He­len Clough cel­e­brates 100th birth­day

Record Observer - - Front Page - Dan Tabler

What a grand 100th birth­day party we at­tended on Satur­day at the Price Com­mu­nity Hall for He­len Clough, who could eas­ily pass for 75.

Fam­ily, friends and neigh­bors filled up the com­mu­nity hall, which looked to me as if it has been ren­o­vated re­cently. It was a great af­fair and I saw folks I hadn’t seen in a long time. Ruth en­joyed chat­ting with Mrs. Clough as she was a neigh­bor back when she was small and lived on Ceme­tery Hill. Mrs. Clough was a Fowler and lived a cou­ple doors up the street.

I hope we got a cou­ple pic­tures of her and her beau­ti­ful 100th birth­day cake in this week’s pa­per.

AN­OTHER AN­NIVER­SARY

That was a fine ar­ti­cle and pic­tures in the lat­est edi­tion of Attraction, about Centreville’s own Bill Whar­ton, who has been or­gan­ist at St. Mark’s United Methodist Church in Eas­ton, for the past 50 years.

In honor of his years of ser­vice, the church in Eas­ton will be hold­ing a mu­si­cal cel­e­bra­tion at 11 a.m. on Sept. 17, and all are in­vited. There will be a re­cep­tion fol­low­ing in the Church Fel­low­ship Hall.

Quot­ing Bill in the mag­a­zine, he said: “I was given a very humble place to serve where many good things have hap­pened. I am just a key­boardist im­pact­ing the com­mon man and woman’s mu­si­cal ex­pe­ri­ence in life.”

There may be a few of those Attraction mag­a­zines in Ed­wards or around town. See if you can find one to read the en­tire story.

GOOD CRAB CAKES!

That was a fine story with pic­tures in the lo­cal papers about the re­cent County Fair, cel­e­brat­ing its 75th an­niver­sary, but there was a mis­take that I must cor­rect.

The ar­ti­cle said the Centreville Lions Club served a crab cake din­ner.

Well, it was a Lions Club, but it was Queen­stown Club that did the serv­ing and also had those won­der­ful crab cakes on sale all week. As far as I know the Queen­stown club, the old­est one in the county and our spon­sors years ago, have been serv­ing up good eats at the Fair for many years.

HERE WE GO AGAIN!

For the sec­ond and prob­a­bly third time, Ruth has been sent a large en­ve­lope with big word­ing on the front say­ing: “UR­GENT LET­TER — RUSH DE­LIV­ERY — IM­POR­TANT DOC­U­MENT EN­CLOSED.” They even have the back printed: “Im­me­di­ate Ac­tion Re­quired — Ex­tremely Im­por­tant Doc­u­ments.”

Well, as you can well imag­ine, the en­ve­lope con­tained a printed let­ter want­ing to sell Ruth some­thing — which we did not buy!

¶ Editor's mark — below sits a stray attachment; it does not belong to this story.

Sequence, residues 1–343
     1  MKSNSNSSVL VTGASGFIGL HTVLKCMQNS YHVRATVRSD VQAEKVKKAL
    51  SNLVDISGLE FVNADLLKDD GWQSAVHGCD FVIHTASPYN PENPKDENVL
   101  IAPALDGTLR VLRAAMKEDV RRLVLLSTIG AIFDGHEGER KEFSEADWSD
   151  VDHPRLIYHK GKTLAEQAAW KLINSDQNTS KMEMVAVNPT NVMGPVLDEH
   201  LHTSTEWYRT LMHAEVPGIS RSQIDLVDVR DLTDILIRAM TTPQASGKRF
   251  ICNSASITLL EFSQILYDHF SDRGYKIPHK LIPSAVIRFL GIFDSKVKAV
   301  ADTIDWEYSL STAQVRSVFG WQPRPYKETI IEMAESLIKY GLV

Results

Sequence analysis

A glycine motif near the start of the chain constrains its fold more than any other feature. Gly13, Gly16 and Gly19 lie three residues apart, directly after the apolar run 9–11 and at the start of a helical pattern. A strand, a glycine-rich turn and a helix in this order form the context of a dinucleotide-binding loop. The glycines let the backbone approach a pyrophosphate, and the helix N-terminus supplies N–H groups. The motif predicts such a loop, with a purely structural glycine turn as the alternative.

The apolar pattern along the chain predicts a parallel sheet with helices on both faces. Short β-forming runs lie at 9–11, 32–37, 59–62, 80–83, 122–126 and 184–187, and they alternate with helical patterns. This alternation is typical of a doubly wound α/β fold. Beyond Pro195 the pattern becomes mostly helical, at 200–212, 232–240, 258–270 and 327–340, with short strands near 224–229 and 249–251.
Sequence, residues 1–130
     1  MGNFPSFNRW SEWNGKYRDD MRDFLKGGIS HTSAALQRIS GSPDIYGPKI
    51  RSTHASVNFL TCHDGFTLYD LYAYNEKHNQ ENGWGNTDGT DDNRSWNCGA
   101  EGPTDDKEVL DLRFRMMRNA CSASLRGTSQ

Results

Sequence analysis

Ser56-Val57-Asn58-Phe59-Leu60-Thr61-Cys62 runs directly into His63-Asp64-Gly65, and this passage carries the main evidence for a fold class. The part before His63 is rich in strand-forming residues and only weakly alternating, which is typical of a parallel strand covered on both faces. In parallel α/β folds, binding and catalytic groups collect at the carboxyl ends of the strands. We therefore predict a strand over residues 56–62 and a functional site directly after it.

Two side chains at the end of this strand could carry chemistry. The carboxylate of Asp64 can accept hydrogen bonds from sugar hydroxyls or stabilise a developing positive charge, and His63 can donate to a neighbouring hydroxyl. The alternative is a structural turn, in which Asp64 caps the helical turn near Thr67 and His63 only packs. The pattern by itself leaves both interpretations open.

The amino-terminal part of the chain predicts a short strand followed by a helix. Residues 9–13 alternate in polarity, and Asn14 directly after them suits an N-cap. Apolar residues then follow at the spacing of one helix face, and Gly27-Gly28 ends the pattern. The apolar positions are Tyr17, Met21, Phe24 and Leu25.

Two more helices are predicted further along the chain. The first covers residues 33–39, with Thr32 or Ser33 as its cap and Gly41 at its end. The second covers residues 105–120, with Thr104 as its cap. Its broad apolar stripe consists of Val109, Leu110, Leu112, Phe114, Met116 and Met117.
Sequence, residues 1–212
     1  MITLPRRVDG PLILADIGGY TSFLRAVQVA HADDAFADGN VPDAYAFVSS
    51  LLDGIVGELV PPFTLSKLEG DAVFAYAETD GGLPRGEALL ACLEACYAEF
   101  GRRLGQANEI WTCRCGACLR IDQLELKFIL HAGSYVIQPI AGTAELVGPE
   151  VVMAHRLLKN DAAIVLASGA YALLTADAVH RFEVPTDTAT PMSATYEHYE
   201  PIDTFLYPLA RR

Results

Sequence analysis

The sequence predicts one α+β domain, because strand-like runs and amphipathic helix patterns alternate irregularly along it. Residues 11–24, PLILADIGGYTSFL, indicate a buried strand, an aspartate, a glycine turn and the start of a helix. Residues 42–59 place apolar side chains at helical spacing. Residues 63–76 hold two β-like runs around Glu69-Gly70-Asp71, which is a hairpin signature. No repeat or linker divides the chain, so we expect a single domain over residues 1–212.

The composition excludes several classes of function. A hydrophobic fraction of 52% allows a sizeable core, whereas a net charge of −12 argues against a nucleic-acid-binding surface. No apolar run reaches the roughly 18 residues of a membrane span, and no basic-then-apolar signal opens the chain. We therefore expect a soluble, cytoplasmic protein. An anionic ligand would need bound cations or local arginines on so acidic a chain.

BACK IN 1946

I was look­ing through the bound files of the Record Ob­server for the 1946 year to see when I wrote my last col­umn for Camp Lee, Va., when I was still in the Army. It was in March and the pa­per had been run­ning big ban­ner heads on the front page blar­ing: “BRIDGE THE BAY.” As we know now it fi­nally hap­pened and the Bay Bridge was opened in 1952.

Any­way, I also wanted to see the sum­mer papers as that was the great year we had the Bal­ti­more Ori­oles farm club here in the Eastern Shore Base­ball League; and we won it all!

The best part, as far as I was con­cerned though, was I was of­fi­cial scorer for the team and shared a tele­phone-booth-sized press­box on the top step of the grand­stand with Ge­orge (we called him “Joe”) Aldridge, who did the play-by-play for the games.

It was a great sum­mer and I made friends with Jack Dunn III, whose fa­ther owned the Bal­ti­more Ori­oles, and young Jack was gen­eral man­ager here and even played in a few games. We won the reg­u­lar sea­son sched­ule and then beat Mil­ford five games in the play­offs. We also played an ex­hi­bi­tion game with the city Ori­oles here and lost, 6-3.

It was a won­der­ful sum­mer and we thought the Ori­oles might come back, but they did not, and it was the last time we had pro­fes­sional ball in Centreville. In fact, the League only lasted un­til 1949 and it was dis­banded.

We are root­ing for to­day’s Ori­oles, but it doesn’t look good as this is writ­ten Mon­day of this week. Maybe they can pull it off and get into the play­offs.

PHOTO BY DAN TABLER

He­len Clough cel­e­brated her 100th birth­day Sept. 9 with many fam­ily, friends and neigh­bors on hand for the oc­ca­sion at the Price Com­mu­nity Cen­ter. Mrs. Clough, the only liv­ing char­ter mem­ber of the Price Com­mu­nity Club, was mar­ried to Caleb Clough, who is de­ceased, and lived on a farm most of her life near Price. A num­ber of fam­ily mem­bers at­tended along with her son Sonny Clough, and nephew Lee Fowler, whom she raised as a son. The party was put on by the com­mit­tee of Bar­bara Nel­son, Bar­bara McFar­land, Glo­ria Lea­ger, So­nia Tay­lor, Mandy Lea­ger and oth­ers of the Price Com­mu­nity Club and the Price United Methodist Church.

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